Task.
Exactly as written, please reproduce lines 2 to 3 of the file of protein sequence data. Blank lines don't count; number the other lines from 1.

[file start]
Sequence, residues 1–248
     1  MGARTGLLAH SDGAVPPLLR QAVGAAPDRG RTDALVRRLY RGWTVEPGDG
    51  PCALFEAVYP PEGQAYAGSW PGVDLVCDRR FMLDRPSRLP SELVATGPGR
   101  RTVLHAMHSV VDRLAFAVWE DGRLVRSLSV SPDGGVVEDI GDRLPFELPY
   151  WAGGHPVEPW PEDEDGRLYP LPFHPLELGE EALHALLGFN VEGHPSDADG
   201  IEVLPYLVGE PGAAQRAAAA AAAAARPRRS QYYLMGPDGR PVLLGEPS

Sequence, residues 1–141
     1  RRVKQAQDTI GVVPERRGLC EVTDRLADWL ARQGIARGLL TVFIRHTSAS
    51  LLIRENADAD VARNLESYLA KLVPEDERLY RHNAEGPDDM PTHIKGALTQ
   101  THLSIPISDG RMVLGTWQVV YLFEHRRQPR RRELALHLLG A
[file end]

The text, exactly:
     1  MGARTGLLAH SDGAVPPLLR QAVGAAPDRG RTDALVRRLY RGWTVEPGDG
    51  PCALFEAVYP PEGQAYAGSW PGVDLVCDRR FMLDRPSRLP SELVATGPGR